The Power of Invisibility

Recently, the website featured a story called “Ten Rabbis Explain God.” It should have been called Ten Male Rabbis Explain God. There are so many women rabbis–and a few transgender rabbis too–whose intelligent, insightful perspectives on God could have, and should have, been included.

To be rendered invisible is not only heartbreaking; it is an unconscionable tool of oppression. Anyone who has felt dismissed, ignored, denied or unseen knows the sickening feeling of being rendered irrelevant or disposable.

Ask the Leadership Conference of Women Religious, the largest North American organization for Catholic nuns, about the current siege that the Vatican is wielding against them, and you will understand about the power of visibility and the grace on the margins.

In her most recent presidential address, LCWR Pat Farrell said the following:

We cannot live prophetically without proximity to those who are vulnerable and marginalized. First of all, that is where we belong. Our mission is to give ourselves away in love, particularly to those in greatest need. This is who we are as women religious. But also, the vantage point of marginal people is a privileged place of encounter with God, whose preference is always for the outcast. There is important wisdom to be gleaned from those on the margins. Vulnerable human beings put us more in touch with the truth of our limited and messy human condition, marked as it is by fragility, incompleteness, and inevitable struggle. The experience of God from that place is one of absolutely gratuitous mercy and empowering love. People on the margins who are less able to and less invested in keeping up appearances, often have an uncanny ability to name things as they are. Standing with them can help situate us in the truth and helps keep us honest.”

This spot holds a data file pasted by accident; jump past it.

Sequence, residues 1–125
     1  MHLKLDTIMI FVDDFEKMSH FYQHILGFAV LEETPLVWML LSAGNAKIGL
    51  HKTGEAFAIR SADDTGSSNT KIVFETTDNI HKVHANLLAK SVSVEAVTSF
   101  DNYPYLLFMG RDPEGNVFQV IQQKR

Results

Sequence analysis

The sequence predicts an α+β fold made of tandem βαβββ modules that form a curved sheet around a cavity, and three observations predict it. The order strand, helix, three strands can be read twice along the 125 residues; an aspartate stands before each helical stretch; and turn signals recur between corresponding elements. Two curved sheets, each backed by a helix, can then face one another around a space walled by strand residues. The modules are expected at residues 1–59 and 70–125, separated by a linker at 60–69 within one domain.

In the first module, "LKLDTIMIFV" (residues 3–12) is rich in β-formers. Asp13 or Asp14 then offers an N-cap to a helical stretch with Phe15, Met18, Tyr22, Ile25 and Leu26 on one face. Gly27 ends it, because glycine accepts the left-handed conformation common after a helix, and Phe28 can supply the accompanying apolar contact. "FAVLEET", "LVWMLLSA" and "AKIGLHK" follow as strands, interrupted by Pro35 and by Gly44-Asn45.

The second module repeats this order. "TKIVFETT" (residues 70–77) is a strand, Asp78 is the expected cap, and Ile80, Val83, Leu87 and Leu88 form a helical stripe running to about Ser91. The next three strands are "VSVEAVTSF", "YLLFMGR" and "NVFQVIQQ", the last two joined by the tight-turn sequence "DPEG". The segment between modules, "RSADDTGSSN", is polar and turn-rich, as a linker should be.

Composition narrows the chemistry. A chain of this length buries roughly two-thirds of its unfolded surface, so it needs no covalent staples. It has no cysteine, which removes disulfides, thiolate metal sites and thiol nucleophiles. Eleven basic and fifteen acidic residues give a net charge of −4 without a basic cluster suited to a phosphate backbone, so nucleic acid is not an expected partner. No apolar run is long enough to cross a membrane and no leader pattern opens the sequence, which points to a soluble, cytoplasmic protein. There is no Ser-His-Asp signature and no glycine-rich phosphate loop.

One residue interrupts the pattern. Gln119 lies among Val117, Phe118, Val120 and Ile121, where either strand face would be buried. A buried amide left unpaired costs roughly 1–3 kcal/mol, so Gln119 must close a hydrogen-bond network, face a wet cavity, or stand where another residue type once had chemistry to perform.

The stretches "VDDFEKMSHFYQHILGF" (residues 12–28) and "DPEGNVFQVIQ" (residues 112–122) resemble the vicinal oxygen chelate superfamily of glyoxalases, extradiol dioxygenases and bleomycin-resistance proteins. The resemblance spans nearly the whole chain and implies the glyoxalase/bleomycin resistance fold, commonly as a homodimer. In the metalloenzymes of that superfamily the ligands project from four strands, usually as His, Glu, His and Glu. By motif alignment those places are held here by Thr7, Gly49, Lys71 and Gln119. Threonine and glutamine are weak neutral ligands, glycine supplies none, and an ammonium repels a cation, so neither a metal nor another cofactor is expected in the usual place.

When we are willing to risk and speak truth to power, we begin to understand what Pat Farrell means when she lifts up gratuitous mercy and empowering love. Sometimes the most transformative acts of social justice go unseen, but they are no less powerful than those that are known.